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The Green Spaces and Culture of Late Medieval Norwich: Municipal, Ecclesiastical and Medical
By Melissa Gaudoin
Master’s Thesis, University of East Anglia, 2007
Introduction: Norwich has long been characterized as a verdant city, abounding with flowers and trees, parks, gardens and meadows, yet the academic community has not yet fully explored this aspect of the city’s heritage. The most illuminating article about its gardens was produced in the early 1970s by Trevor Fawcett for an archaeological journal. He examined the eighteenth- and nineteenth-century pleasure gardens, which were documented in detail and pictured on a variety of printed plans and maps, within the context of English polite society. Yet the history of the city’s gardens is, in fact, far older. Many visitors to, and writers on, Norwich from the seventeenth century onwards considered that the green and fertile beauty of Norwich began in the mid-sixteenth century, owing to the influx of settlers from the Low countries. Thomas Fuller remarked in 1662 that:
NORWICH is (as you please) either a City in an Orchard, or an Orchard in a City, so equally are Houses and Trees blendid in it, so that the pleasure of the Country, and populousness of the City meet here together. Yet in this mixture, the inhabitants participate, nothing of the rusticalness of the one, but altogether of the urbanity and civility of the other.
He surmised that Dutch settlers, who were first invited to the city in the 1560s, provided Norwich with the knowledge and skills to create this verdant prospect as they “brought hither with them, not onely their profitable crafts, but pleasurable cur[i]osities. They were the first who advanced the use and reputation of Flowers in this City”. However, it is possible to unearth and interpret the green landscape and culture of Norwich before the arrival of these sixteenth-century Strangers, who may have merely enhanced the veritable rus in urbe (countryside within the city) that was the walled townscape of Norwich in the late medieval period. Continuities with earlier times abound. Many of the open spaces of Norwich today, such as the cathedral precinct and Chapelfield, have their roots in the swathes of greenery found in the medieval period. Moreover, the possession or leasing of a small patch of ground for one’s own use has been almost ubiquitous throughout the centuries.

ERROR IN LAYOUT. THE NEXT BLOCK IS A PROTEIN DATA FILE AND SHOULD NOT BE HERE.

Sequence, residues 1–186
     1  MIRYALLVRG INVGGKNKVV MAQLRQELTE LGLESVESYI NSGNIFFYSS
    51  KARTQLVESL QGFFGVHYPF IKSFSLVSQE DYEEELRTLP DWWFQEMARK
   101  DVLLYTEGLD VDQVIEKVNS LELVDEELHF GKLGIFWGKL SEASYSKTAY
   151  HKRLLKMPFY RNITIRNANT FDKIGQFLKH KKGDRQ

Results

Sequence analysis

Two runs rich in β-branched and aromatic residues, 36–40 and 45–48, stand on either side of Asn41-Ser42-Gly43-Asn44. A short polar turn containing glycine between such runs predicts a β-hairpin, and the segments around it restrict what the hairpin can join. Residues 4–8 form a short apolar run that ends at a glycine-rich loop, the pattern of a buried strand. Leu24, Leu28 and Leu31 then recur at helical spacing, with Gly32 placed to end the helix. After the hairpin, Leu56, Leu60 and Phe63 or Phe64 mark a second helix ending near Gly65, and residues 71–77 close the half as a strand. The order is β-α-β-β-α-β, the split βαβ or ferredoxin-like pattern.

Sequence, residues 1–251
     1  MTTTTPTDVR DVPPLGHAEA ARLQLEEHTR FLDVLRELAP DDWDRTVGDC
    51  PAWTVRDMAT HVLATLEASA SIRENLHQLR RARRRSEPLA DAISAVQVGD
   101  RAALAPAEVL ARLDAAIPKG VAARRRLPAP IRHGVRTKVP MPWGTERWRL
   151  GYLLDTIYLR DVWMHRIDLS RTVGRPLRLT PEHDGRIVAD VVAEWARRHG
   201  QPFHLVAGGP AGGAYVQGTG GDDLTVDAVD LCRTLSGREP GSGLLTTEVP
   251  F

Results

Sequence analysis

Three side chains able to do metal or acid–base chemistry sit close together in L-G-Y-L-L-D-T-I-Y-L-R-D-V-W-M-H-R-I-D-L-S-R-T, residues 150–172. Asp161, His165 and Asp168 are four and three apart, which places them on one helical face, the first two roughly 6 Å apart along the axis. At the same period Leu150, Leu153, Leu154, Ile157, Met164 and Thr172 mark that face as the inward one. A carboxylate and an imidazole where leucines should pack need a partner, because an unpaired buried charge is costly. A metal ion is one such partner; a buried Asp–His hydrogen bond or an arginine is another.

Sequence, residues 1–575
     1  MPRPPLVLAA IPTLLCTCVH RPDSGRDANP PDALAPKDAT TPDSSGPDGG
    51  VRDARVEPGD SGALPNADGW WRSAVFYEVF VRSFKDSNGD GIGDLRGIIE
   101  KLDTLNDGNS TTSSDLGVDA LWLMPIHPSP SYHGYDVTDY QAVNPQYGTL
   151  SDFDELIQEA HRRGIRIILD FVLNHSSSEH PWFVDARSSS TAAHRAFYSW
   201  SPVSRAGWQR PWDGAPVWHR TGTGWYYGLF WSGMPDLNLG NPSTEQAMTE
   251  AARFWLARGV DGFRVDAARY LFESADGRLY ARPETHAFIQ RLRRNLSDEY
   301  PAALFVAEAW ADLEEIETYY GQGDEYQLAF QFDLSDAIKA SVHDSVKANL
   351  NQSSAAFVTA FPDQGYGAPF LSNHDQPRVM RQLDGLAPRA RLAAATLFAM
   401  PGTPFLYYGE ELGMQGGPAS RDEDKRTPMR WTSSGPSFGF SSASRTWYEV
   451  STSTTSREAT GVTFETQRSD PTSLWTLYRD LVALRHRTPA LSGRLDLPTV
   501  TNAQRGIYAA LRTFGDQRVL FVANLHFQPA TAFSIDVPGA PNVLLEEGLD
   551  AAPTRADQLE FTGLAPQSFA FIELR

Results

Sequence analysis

Recently historians and archaeologists have begun to discover the reality of medieval Norwich as a green city, the most notable texts are by Claire Noble and Roberta Gilchrist, on the gardens and lands belonging to Norwich Cathedral Priory; Carole Rawcliffe, on the precincts of the Norwich hospitals; and, a forthcoming book, on the friary of the Greyfriars by Peter Emery, Elizabeth Rutledge and others. However, there has been no significant examination of the other open spaces of Norwich, which include the lands of the other friaries and the gardens of the secular community. The aim of this thesis is, therefore, to determine, by using interdisciplinary methods, how extensive the open green spaces of late medieval and early modern Norwich were. We shall also seek to discover the ways in which gardens and meadows were utilized and viewed by the different sections of the population of Norwich: the religious and the lay, the lower classes and the gentry, the men and the women, and to compare the reality of the gardens of Norwich, as revealed through archaeological excavation, contemporary pictorial representations and written records from the city, with the descriptions and depictions of the ideal garden produced by writers, illustrators and artists.